See you in Rio!

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                                                                              BLOG #29, SERIES #3
WEDNESDAYS WITH DR. JOE
FAIR PLAY
AND THE TOUR DE FRANCE PELOTON
PART ONE
July 18, 2012

Every year at this time the Tour de France dominates our lives.  Not that we are unique in this respect, for in France over 15,000,000 people line 2,100 miles of roads, mainly in France but also in Belgium, Luxembourg, Switzerland, Italy, and Spain; and then there are the millions who watch it on television around the world.  Without question it is the greatest bicycle race on earth.

But keeping it so is anything but an easy task given that riders from every bicycle-loving-nation on earth try to make it into the ranks of one of the competing teams.  Together, all these fiercely competing teams make up what they call the peloton.  Each year my wife and I become more fascinated by this strange animal with its core engine of riders and its constant breakaway of riders determined to find fame outside the riders who are content with whatever glory comes to their individual teams.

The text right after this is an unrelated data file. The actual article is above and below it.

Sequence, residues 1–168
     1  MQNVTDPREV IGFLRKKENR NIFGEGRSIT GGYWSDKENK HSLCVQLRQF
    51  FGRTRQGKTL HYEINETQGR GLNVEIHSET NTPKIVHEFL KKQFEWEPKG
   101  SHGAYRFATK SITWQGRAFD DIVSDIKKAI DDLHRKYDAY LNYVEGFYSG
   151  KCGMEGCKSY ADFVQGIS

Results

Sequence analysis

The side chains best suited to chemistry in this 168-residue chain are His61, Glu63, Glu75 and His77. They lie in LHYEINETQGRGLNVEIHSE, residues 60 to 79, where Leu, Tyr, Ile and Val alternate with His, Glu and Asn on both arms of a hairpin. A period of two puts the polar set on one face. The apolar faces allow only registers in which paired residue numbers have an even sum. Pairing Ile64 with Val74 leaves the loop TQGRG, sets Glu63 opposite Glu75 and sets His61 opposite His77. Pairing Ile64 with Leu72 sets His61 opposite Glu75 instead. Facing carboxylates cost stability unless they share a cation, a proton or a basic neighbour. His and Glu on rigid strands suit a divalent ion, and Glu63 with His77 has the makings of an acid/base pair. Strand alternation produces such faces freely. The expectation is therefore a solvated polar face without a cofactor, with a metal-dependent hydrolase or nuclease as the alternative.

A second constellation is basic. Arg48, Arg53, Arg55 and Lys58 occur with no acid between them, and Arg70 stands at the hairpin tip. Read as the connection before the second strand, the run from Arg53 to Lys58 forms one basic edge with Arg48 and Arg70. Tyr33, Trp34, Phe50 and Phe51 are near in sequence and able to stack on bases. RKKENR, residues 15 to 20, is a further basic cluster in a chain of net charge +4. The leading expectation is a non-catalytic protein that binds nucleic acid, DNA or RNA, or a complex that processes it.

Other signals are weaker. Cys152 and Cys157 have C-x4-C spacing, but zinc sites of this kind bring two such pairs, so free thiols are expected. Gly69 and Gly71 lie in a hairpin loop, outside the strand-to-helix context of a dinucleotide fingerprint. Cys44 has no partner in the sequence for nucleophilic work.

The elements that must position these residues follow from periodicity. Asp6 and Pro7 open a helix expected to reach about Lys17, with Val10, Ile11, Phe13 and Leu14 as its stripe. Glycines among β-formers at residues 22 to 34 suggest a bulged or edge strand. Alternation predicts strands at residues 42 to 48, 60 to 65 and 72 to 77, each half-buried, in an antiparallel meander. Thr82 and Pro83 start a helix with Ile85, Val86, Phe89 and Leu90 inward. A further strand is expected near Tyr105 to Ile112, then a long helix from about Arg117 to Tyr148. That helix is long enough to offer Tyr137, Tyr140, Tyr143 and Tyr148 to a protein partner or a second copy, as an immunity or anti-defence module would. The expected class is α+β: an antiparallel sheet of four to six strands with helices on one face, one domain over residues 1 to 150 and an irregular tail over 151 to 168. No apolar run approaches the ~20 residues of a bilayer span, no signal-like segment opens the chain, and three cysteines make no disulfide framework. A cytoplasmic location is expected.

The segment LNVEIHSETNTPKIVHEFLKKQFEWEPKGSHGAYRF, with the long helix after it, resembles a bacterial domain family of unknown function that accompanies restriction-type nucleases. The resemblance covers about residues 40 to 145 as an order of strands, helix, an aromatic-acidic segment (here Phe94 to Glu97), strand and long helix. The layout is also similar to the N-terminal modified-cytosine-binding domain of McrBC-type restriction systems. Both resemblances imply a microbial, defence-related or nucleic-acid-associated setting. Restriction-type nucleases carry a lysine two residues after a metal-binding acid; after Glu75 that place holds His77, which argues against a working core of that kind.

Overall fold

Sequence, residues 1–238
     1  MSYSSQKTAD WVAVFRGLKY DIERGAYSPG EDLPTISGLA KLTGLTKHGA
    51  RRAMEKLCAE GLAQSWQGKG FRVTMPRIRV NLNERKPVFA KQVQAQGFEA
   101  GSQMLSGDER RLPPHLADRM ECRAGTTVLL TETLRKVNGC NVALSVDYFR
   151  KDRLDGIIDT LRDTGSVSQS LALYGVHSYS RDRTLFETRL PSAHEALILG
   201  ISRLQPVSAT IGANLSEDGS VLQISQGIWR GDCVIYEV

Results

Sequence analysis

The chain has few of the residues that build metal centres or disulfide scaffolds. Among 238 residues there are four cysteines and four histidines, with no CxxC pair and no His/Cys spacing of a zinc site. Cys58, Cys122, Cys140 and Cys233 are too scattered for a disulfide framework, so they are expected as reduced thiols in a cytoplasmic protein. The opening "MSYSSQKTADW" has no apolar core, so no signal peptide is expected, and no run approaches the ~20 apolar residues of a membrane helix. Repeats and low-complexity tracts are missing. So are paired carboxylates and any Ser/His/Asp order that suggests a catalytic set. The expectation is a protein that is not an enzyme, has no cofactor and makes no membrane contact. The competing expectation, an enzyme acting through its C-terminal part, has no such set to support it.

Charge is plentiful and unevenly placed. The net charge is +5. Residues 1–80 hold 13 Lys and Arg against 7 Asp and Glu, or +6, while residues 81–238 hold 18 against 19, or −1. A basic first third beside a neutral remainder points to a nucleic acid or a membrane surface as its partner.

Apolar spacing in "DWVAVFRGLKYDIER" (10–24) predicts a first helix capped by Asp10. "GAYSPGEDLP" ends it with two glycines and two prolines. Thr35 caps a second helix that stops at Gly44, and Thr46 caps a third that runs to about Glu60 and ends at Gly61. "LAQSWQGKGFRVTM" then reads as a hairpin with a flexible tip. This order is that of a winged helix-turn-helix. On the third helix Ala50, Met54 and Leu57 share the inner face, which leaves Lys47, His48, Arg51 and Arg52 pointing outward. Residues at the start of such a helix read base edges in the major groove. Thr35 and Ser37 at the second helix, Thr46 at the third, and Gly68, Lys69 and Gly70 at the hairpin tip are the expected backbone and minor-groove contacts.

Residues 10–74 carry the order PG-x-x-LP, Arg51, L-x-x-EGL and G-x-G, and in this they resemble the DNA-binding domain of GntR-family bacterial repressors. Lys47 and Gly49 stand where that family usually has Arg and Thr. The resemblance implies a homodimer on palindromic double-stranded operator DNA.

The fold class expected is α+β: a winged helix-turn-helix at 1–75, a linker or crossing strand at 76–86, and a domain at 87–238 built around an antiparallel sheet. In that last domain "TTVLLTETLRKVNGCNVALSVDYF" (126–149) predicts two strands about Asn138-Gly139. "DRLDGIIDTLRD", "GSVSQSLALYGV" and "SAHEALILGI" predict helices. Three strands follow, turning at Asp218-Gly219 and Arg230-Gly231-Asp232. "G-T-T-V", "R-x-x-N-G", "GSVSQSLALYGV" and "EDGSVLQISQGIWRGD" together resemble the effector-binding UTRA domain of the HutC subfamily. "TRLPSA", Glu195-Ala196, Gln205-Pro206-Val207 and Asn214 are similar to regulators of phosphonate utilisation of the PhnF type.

Because so much is riding on winning something—be it being first to crest a hill, first to race across a finish line during a day’s stage (if not first, at least second or third), and most desirable of all: first to cross the line in Paris as the winner of the Yellow Jersey (or second or third)—there is almost unbelievable pressure on race officials to keep a lid on things, on the testosterone-driven 180-some riders who each harbors an agenda.